Chapter

Polymer Analysis Polymer Theory

Volume 182 of the series Advances in Polymer Science pp 55-129

Date:

Chemical Composition of Polymer Surfaces Imaged by Atomic Force Microscopyand Complementary Approaches

  • G. Julius VancsoAffiliated withMESA+ Institute for Nanotechnology and Faculty of Science and Technology, Department of Materials Science and Technology of Polymers, University of Twente Email author 
  • , Henrik HillborgAffiliated withMESA+ Institute for Nanotechnology and Faculty of Science and Technology, Department of Materials Science and Technology of Polymers, University of Twente
  • , Holger SchönherrAffiliated withMESA+ Institute for Nanotechnology and Faculty of Science and Technology, Department of Materials Science and Technology of Polymers, University of Twente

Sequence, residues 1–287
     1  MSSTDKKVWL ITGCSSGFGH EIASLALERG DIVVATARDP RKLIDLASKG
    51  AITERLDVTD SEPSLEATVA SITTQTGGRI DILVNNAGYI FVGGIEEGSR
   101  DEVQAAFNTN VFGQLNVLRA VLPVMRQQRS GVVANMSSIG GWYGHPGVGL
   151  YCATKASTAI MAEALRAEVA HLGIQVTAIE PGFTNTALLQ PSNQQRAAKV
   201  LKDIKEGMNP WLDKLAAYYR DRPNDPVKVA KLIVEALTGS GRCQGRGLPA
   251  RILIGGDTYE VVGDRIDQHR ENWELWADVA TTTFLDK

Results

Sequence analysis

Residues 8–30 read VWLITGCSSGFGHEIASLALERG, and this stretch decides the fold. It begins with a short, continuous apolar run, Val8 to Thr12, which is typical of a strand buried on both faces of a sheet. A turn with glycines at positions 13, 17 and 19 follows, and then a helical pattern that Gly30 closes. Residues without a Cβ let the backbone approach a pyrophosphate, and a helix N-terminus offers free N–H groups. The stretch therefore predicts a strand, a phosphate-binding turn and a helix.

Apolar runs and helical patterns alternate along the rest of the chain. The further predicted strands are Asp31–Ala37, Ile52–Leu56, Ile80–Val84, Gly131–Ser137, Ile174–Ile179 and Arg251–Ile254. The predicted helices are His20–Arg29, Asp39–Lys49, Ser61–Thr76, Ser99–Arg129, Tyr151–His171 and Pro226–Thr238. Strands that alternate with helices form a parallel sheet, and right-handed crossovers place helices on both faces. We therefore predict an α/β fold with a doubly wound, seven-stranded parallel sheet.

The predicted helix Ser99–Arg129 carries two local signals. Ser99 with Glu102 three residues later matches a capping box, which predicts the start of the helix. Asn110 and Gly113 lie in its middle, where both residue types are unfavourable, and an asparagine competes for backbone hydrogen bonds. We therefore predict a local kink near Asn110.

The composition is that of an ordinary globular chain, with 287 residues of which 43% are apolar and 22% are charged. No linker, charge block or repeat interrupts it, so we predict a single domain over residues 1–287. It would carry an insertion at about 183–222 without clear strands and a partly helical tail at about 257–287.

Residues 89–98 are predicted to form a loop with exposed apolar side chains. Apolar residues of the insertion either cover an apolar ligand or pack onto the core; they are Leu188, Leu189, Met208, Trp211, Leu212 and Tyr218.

* Final gross prices may vary according to local VAT.

Get Access

Abstract

In this article we review the recent developments in the field of high resolution lateral mapping of the surface chemical composition of polymers by atomic force microscopy (AFM) and other complementary imaging techniques. The different AFM approaches toward nanometer scale mapping with chemical sensitivity based on chemical force microscopy (CFM) are discussed as a means to unravel, for instance, the lateral distribution of surface chemistry, the stability of various types of functional groups in various environments, or the interactions with controlled functional groups at the tip surface. The applicability and current limitations of CFM, which allows one to image chemical functional group distributions with a resolution in principle down to the 10–20 nm scale, are critically discussed. In addition, complementary imaging techniques are briefly reviewed and compared to the AFM-based techniques. The complementary approaches comprise various spectroscopies (infrared and Raman), secondary ion mass spectrometry (SIMS), matrix-assisted laser desorption/ionization mass spectrometry (MALDI-MS), X-ray photoelectron spectroscopy (XPS or ESCA), and near-field optical techniques used for imaging.